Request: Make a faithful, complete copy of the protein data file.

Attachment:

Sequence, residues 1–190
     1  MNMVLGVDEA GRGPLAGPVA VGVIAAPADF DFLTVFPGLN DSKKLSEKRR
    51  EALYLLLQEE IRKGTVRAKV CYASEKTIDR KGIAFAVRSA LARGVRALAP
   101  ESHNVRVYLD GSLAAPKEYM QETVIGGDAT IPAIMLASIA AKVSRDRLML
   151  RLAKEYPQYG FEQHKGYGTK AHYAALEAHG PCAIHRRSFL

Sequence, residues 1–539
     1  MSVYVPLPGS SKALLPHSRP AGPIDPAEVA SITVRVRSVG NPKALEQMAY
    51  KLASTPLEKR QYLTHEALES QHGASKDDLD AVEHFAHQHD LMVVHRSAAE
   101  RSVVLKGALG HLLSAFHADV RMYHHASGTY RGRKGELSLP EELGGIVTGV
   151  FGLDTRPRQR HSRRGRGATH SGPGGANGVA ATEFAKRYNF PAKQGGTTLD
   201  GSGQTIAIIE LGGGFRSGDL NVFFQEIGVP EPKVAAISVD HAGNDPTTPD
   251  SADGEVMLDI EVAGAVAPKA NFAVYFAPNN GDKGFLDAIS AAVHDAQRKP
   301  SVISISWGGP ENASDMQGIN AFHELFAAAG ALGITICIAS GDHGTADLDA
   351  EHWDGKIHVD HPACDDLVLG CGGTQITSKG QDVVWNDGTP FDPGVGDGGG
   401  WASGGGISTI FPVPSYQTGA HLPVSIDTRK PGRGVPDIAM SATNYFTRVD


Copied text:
Sequence, residues 1–190
     1  MNMVLGVDEA GRGPLAGPVA VGVIAAPADF DFLTVFPGLN DSKKLSEKRR
    51  EALYLLLQEE IRKGTVRAKV CYASEKTIDR KGIAFAVRSA LARGVRALAP
   101  ESHNVRVYLD GSLAAPKEYM QETVIGGDAT IPAIMLASIA AKVSRDRLML
   151  RLAKEYPQYG FEQHKGYGTK AHYAALEAHG PCAIHRRSFL

Sequence, residues 1–539
     1  MSVYVPLPGS SKALLPHSRP AGPIDPAEVA SITVRVRSVG NPKALEQMAY
    51  KLASTPLEKR QYLTHEALES QHGASKDDLD AVEHFAHQHD LMVVHRSAAE
   101  RSVVLKGALG HLLSAFHADV RMYHHASGTY RGRKGELSLP EELGGIVTGV
   151  FGLDTRPRQR HSRRGRGATH SGPGGANGVA ATEFAKRYNF PAKQGGTTLD
   201  GSGQTIAIIE LGGGFRSGDL NVFFQEIGVP EPKVAAISVD HAGNDPTTPD
   251  SADGEVMLDI EVAGAVAPKA NFAVYFAPNN GDKGFLDAIS AAVHDAQRKP
   301  SVISISWGGP ENASDMQGIN AFHELFAAAG ALGITICIAS GDHGTADLDA
   351  EHWDGKIHVD HPACDDLVLG CGGTQITSKG QDVVWNDGTP FDPGVGDGGG
   401  WASGGGISTI FPVPSYQTGA HLPVSIDTRK PGRGVPDIAM SATNYFTRVD